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  • July 11, 2014 - Reflections

    By Jean S. Horner
    The other day while walking down a corridor in a public building, I saw what appeared to be someone walking toward me. On coming closer, I found it was my own reflection in a huge mirror. For a moment it frightened me. Somehow a full-length reflection of one’s self is a startling thing. ...


On Your Mark by Dr. George O. Wood

 

Under Authority

They went and found a colt outside in the street, tied at a doorway. As they untied it, some people standing there asked, “What are you doing, untying that colt?” They answered as Jesus had told them to, and the people let them go. (Mark 11:4-6)

Some friends and I were discussing recently the life of a prominent person who lays claim to being a Christian. We were confused that the testimony from his lips did not correspond to his actions. With his words he spoke of his personal salvation, but with his actions and policies he clearly was at odds with Jesus.

I suspect this dichotomy exists fairly frequently. The problem comes when we want to own Jesus as our Savior, but not as our Lord — when we want the benefits He brings, but not the obedience He asks.

Jesus had ascended the long climb from Jericho to the top of the Mount of Olives. First, He stayed at the home of friends in Bethany (John 12). When He was ready to enter Jerusalem, He sent two of His disciples on an improbable mission to obtain a colt (which they had not seen), tied at a doorway outside in the street (where they knew not the exact address), and to remove it (and take the chance of being apprehended for theft).

If you had been one of them, would you have gone so willingly?

What can we learn from their example?

First, the Lord always knows what’s going on. Thus, when He directs us we should do what He asks even if we don’t know what it means. The disciples had no idea at that moment as to why Jesus wanted the colt. Matthew’s Gospel, written after the event, tells us that the colt was needed to fulfill the Scripture (Matthew 21:4,5). At the time, however, the two disciples didn’t know that; they simply trusted Jesus and followed His directions.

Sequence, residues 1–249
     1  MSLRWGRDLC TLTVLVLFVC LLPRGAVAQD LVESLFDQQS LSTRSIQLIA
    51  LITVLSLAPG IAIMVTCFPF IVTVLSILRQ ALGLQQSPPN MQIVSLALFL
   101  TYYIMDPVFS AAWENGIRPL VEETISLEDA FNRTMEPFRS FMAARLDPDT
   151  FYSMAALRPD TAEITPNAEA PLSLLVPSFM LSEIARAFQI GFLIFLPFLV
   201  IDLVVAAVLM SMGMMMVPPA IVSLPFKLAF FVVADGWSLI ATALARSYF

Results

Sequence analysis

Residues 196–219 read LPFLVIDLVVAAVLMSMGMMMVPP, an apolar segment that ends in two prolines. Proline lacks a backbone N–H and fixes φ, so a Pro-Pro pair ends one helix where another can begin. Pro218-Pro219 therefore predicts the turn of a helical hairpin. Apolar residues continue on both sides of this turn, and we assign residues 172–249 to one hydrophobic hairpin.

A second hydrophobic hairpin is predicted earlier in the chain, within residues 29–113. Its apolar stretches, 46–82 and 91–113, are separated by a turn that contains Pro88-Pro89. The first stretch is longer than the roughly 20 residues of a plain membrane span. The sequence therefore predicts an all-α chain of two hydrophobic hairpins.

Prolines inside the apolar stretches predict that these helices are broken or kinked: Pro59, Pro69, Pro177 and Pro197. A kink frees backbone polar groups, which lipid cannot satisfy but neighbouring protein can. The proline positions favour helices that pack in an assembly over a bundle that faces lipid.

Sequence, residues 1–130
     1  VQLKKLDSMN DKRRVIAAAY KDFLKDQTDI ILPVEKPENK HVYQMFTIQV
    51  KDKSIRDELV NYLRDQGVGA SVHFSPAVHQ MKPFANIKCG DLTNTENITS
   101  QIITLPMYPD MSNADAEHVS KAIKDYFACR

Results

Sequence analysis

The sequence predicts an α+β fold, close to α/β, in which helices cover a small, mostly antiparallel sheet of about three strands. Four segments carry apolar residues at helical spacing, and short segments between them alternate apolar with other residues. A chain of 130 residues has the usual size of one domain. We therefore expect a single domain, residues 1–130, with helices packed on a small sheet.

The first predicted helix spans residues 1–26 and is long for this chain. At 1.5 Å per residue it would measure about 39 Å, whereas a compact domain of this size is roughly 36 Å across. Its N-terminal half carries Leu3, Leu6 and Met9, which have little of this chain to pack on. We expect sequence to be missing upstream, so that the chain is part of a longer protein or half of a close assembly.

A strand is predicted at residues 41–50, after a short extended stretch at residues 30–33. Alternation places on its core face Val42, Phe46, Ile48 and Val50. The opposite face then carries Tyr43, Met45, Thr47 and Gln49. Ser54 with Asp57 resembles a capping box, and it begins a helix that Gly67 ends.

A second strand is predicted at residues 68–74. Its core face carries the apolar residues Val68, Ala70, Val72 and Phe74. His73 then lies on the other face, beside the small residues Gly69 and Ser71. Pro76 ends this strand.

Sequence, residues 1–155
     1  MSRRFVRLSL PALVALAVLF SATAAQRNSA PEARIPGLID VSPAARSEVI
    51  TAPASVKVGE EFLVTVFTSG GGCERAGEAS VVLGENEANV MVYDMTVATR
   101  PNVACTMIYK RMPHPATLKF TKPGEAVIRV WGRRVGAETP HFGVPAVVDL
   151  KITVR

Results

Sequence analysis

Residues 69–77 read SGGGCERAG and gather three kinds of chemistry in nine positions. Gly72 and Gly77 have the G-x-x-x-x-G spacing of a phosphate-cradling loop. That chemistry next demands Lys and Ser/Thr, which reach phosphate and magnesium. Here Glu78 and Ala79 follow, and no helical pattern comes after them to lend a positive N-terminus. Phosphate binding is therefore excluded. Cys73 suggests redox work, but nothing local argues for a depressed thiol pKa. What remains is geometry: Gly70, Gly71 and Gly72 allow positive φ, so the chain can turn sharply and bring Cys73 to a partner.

As a pastor I taught new converts to be baptized in water. Sometimes they would ask, “But, why? Do I really need to get all wet? Isn’t believing enough?” My response was that no one would enlist in the army and begin his or her military career by disobeying the first order of the drill sergeant. That being the case, why would any new Christian want to begin their Christian walk by disobeying — not the order of a drill sergeant, but the order of the Commander in Chief! The Christian life is all about obedience!

Second, there will always be those who don’t understand what Jesus sends them to do. That’s the case here. The bystanders are mystified as to why two strangers, who do not own the animal, are nevertheless untying it. Had I been there that day, I might have immediately called for the authorities!

Third, when others don’t understand our obedience to Jesus we should respond to their questions. We’re not to get huffy, or threatened, or argumentative. We shouldn’t give them the cold shoulder or silent treatment. Honest questions deserve honest answers.

The two disciples responded truthfully and with good hearts. The villagers accepted their response because they knew how good Jesus had been to the two sisters and brother living at Bethany: Mary, Martha and Lazarus (John 11,12). The bystanders trusted the word of the two disciples because, first and foremost, they trusted Jesus.

A prayer of response
Jesus, be not only my Savior but also my Lord. I purpose to obey You today. May I have confidence in all the everyday decisions of my life to say, “I’m doing as the Lord wants me to do.”

GEORGE O. WOOD is general superintendent of the Assemblies of God.

On Your Mark

Previous Years


2013 On Your Mark

2012 On Your Mark

2011 On Your Mark

2010 On Your Mark

2009 On Your Mark

2008 On Your Mark


Podcasts of On Your Mark are available in video and audio.
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